Thursday, May 23, 2024

Carbon Capture and Storage deployment in Scotland could support 3,000 jobs and boost UK economy by £300M per annum by 2042 – Scottish Business News

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More than 3,000 full-time equivalent (FTE) jobs could be supported and £300 million generated for the wider UK economy through the establishment of a CO2 Transport and Storage (T&S) sector in Scotland linked to the deployment of Carbon Capture Utilisation and Storage (CCUS) in the UK, according to new research.

The findings, published in a report from the Centre for Energy Policy (CEP) at the University of Strathclyde, suggest that action on worker and skills shortages will be key to realising these economic gains.

The jobs and GDP figures for a T&S sector that is fully operational by 2030 are respectively 300% and 84% higher than estimates for a scenario where no action is taken to alleviate current and persisting labour market constraints and pressures.

The study was undertaken by CEP as part of the Scotland’s Net Zero Infrastructure (SNZI) programme – funded by UKRI’s Industrial Decarbonisation Challenge and focusing on the Acorn T&S system, one of four supported by the UK Government.

Economic gains could be further amplified if a Scottish T&S sector develops an export market to sequester emissions from elsewhere in the UK or overseas. The full-time equivalent jobs supported could increase to just over 4,900 and GDP to nearly £490M per annum by 2042. These projections are based on continuing government support into the early 2040s.

Professor Karen Turner, Lead Investigator and Centre for Energy Policy Director, said: “Lessons from CEP’s research on establishing a CO2 T&S sector in Scotland suggest there are significant potential gains to be had in terms of jobs and economic growth.

“Benefits emerging across the wider economy could offset the costs of the investment needed and those of government support. Yet, as with other efforts across the net zero space, a focus on addressing persistent skills and worker shortages is crucial. This is in terms of both maximising economic gains, and enabling a just transition that delivers sustainable and more equitable prosperity.

“Government and industry must work together to consider the sequencing of projects to avoid the potential congestion effects of increased demand and competition for resources associated with multiple net zero and other infrastructure projects coming online simultaneously.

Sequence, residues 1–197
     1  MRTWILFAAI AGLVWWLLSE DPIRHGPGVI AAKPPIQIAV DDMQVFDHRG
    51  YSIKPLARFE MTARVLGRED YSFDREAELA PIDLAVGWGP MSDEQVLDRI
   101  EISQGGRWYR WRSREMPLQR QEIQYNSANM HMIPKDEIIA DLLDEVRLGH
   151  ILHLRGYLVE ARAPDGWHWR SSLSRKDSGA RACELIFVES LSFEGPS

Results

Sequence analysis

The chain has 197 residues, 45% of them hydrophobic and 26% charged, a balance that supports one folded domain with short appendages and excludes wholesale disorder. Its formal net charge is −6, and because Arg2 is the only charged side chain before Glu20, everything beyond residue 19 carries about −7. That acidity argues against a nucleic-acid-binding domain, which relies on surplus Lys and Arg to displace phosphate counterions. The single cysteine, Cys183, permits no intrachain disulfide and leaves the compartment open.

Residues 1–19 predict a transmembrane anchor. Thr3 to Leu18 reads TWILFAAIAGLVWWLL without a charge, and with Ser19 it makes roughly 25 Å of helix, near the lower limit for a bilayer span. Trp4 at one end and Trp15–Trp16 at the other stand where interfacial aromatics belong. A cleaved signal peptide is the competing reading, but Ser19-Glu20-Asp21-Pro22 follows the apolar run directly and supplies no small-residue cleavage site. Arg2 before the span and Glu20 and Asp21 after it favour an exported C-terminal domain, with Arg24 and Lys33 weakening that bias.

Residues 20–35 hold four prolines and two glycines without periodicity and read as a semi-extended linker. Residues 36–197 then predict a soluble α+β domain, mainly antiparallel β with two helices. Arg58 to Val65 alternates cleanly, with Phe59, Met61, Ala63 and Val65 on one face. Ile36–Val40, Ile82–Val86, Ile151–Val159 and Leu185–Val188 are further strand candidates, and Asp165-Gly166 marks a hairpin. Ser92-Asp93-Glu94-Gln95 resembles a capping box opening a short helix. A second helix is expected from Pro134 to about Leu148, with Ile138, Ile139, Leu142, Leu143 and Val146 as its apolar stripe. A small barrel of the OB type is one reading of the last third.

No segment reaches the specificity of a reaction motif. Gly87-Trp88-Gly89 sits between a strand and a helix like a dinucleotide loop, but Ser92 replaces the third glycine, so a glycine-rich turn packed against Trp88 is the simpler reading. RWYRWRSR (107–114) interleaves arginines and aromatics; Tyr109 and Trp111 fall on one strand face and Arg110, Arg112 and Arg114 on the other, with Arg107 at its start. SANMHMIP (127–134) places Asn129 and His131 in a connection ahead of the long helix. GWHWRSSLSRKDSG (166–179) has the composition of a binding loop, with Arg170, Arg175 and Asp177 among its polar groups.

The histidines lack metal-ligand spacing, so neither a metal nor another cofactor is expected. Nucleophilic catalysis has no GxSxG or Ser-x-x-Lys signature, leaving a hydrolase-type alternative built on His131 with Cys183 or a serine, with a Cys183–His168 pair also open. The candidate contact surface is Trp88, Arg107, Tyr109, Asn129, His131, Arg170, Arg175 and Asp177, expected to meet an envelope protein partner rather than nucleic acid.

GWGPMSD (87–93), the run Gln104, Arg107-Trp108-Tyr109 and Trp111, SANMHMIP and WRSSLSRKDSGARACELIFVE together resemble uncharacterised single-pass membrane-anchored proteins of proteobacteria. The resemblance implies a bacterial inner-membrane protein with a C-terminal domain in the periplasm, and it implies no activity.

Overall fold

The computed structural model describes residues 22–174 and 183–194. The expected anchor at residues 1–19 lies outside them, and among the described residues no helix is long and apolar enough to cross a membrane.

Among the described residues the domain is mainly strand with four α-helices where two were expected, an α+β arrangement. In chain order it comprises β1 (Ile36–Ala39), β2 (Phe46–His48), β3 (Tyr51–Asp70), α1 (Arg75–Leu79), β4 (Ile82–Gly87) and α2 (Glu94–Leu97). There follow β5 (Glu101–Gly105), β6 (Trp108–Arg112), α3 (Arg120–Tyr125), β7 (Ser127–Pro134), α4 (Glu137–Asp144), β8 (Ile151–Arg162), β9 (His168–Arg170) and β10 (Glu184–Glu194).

“This will be vital to ensuring that costs to projects, to the wider economy, and ultimately to taxpayers are not driven up unnecessarily. It will also ensure the timely completion of projects that are necessary for the UK to achieve its net zero goals.”

In its CCUS vision, the UK Government sets out an ambition of a self-sustaining market by 2035. An important challenge is what form of Government support may be required after that point, which is likely to depend on how international markets – both for CCUS services and the greener products produced with its use – evolve and develop.

The evidence presented in the CEP report reflects the findings and recommendations of the recently published report by the Green Jobs Delivery Group’s CCS Task and Finish Group, to which CEP also contributed.

This latter report highlights the potential transformative role of CCS in the net zero transition if the skilled workforce is available in the right place and at the right time. This vital issue of timing was also underscored by the SNZI research, which pointed to the potential cost implications of deploying the four T&S systems at the same time.

Without effective planning and due consideration given to timing, the fuller set of results set out in the SNZI report demonstrate how this could lead to ‘congestion effects’ that would act to constrain economic expansion and exacerbate competition for resources such as labour.

This will ultimately lead to increased costs both for projects and across the wider economy.

CEP will be holding an event on these issues at the forthcoming All-Energy Exhibition and Conference 2024, Industry Decarbonisation 4: What will establishing a CO2 Transport and Storage industry in Scotland mean for the economy and society?

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